The heat of Hong Kong was positively insufferable and the humidity worse.
I have only a few days left here in Hong Kong, and then I must get back.My passage is booked and it will be weeks until the next ship sails for home.
Privacy and secrets – she must have them. She looks so mysterious.Her dark dresses, covered in coats or sweaters each time I see her, the hats – all black, her hair in fact a mystery being piled up there under the milliner’s handiwork.
Her clothes, each time I’ve seen her on the streets and in the shops are not black for mourning but dark, most often absent colour.She walks about with head held firm, high, confident but speaks little and when I’ve seen her speak to a taxi driver or store clerk she seems to have a sad face or maybe it is just her eyes that are so sad.Clearly, she is sad.
Her skin was alabaster white, not like milk or white paper – but pale, absent pigment, not ruddy, not tanned, more like newsprint but without the ink.
Her heavenly mounds, that heaving bounty of breasts were buttoned up tight with undergarments built – as if by engineers and shipbuilders – they seemed so strong and uplifting – but to my chagrin, covered by garments buttoned fully to the neck. But I could dream of feeding there, or at least wallowing between that lovely pair.
Her fingers were delicate but her nails brittle, chipped, so it appeared, in ways that comes from substantial use and not worrying about appearances quite so much as those whose vanity extends itself that way.But they were not the fingers or nails of a labourer, not the hands of a gardener or field worker.
That feature of her stood so out of place here, on the streets of Kowloon. Her height, the cut of her clothing and her whiteness made her stand out from the crowd. Not because the locals were unaccustomed to seeing tall white women, but ones they were accustomed to were wives of executives, bureaucrats and that sort – usually, or rather almost always, chauffeured around from appointment to appointment.
She stood out from the crowd in ways that caught the attention of men and the ire of women – her ankles were rarely exposed but many an eye drifted that way just in case, as mine did.
Such things interested me then.Recalling those moments stirs me even now as my wasted old frame could not perform as requested no matter how hard I tried.
Babcock was weary – writing throughout the passage was not a problem; his daily sessions of writing in his stateroom or at his favourite table in the bar, were salted with inspiration gained each night as he dined at the Captain’s Table – each night a fresh crop of guests from the priciest suites were invited to join Captain Henry Pybus and First Officer Samuel Robinson. Fresh characters were not his problem.Filtering out the ones who would play no part in his novel was the greater challenge.Babcock became friends with Robinson. Robinson was ten years his junior but they got on well just the same. Dinner table conversation with guests was made entertaining by their banter and flirtation with the ladies at the table. Most of the ladies were old enough to be their mothers, but occasionally there would be someone closer to being their peers and generating their interest.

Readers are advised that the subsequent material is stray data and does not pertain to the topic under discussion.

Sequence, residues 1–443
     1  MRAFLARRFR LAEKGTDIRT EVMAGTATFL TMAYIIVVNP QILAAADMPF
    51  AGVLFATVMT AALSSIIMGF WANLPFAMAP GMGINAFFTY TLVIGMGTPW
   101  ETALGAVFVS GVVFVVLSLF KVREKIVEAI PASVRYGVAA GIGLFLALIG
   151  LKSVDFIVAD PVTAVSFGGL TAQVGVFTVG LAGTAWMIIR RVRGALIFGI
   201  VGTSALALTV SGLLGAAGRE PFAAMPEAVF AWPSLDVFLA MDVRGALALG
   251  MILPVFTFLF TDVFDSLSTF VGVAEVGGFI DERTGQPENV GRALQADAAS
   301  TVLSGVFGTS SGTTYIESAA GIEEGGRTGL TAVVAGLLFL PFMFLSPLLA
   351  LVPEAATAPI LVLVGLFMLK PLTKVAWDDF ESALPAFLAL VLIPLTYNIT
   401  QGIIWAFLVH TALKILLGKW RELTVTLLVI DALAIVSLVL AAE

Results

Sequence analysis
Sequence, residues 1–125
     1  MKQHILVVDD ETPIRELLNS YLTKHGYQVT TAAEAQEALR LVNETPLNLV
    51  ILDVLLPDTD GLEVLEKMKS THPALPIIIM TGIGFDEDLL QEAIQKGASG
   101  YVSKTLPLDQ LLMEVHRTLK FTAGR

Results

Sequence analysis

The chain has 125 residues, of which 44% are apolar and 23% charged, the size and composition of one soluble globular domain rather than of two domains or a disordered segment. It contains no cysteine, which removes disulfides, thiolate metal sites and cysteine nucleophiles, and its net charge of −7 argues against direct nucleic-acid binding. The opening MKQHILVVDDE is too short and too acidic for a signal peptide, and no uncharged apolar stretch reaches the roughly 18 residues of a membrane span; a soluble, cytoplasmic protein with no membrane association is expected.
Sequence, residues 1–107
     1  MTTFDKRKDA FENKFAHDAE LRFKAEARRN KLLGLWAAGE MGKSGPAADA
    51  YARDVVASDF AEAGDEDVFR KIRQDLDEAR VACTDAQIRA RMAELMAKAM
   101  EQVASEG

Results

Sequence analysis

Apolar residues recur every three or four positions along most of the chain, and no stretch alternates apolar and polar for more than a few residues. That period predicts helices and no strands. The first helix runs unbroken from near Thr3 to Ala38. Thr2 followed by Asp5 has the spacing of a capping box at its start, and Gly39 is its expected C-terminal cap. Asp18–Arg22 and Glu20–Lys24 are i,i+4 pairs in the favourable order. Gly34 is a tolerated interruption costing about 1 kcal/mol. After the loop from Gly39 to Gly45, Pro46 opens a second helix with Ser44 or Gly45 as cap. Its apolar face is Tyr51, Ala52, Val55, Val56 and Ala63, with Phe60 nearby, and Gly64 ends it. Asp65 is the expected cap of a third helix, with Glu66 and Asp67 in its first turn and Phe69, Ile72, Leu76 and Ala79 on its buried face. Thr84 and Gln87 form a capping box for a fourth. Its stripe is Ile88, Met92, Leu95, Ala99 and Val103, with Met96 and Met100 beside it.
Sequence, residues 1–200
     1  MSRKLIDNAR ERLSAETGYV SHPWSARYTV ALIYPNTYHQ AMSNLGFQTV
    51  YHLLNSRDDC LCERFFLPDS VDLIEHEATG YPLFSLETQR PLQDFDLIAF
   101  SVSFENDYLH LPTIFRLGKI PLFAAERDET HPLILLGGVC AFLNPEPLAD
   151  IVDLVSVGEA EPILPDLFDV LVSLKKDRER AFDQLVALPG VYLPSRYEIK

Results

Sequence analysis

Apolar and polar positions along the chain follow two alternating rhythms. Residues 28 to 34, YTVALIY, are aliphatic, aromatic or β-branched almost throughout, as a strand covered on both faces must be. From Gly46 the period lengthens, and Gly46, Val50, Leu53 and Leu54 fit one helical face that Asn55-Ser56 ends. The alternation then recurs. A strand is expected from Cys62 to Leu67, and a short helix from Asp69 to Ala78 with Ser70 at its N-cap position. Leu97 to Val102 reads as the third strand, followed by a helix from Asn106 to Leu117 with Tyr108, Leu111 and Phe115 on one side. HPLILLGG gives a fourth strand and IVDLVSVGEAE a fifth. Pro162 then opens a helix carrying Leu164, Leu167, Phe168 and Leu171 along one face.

Case in point . . . the dinner table dialogue each night was of little value or inspiration to Babcock until one night, Mrs. Jamieson, a widow from Vancouver along with her niece Miss Mary Bloedel joined the Captain’s table.It was difficult to see with any certainty at all a difference between the reaction of Babcock or Robinson – both were immediately taken with Mary’s beauty, not discouraged by the stunning ring she wore – it appeared to be white gold or platinum with a large single diamond stone in the center - and they engaged her immediately in conversation, so obviously driven by their attraction to her that the Captain intervened with a question.
“In the interest of getting Robinson and Babcock here talking to other guests at this table, tell me please Ms. Bloedel, what about Hong Kong interests you?”, Captain Pybus inquired.
“Please Captain, call me Mary”, she responded, and then went on for about twenty minutes explaining how her father’s lumber company had shipped building materials – mostly Douglas fir, to Hong Kong for construction of the Hong Kong Club building which had just opened.There was a party scheduled for the next day; well, night actually, of the day we would dock in Hong Kong.
Babcock and Robinson were spell-bound. Mary spoke strongly, confidently and with authority of a much older, or more mature, woman. She was clearly well educated, her manners and speech were impeccable suggesting she was very refined. Her invitation came as a huge surprise when she said, “Mr. Babcock, Mr. Robinson, would you gentlemen be interested in accompanying me to the Hong Kong Club for their grand opening ball?”
Before either of them could pull their jawbones back into position in order to speak, Captain Pybus interjected to advise that, since he was already invited to attend – he was to be escorting Mrs. Jamieson, that First Officer Robinson would have to remain on duty aboard the Empress of Japan.
Robinson was stoic, emitting a clipped response , “Aye-aye sir.”
Babcock wasted no time responding by saying, “Miss Mary, it would be my pleasure to attend the party as your escort.Please, upon arrival, where you are you staying?And what time should I come by your hotel to collect you?
“Why Robert, that is very thoughtful of you.About six-thirty would be just fine. We have rooms booked at the Hong Kong Club actually.I will meet you in the lobby. The cocktail reception is scheduled for six-thirty with dinner at seven, but my experience has been that these things often get started late in Hong Kong.”
Babcock’s response – “Miss Mary, does that imply you have spent much time here?”
From there the conversation continued, the two of them oblivious to all others at the table, eating their way through every course with little regard to the waiter’s presentation or the flavours they were consuming.
Robert, it seemed, was smitten by every element of Mary.He had difficulty understanding why, but did not resist her charms and kept his eyes on her every move, his ears tuned to every comment.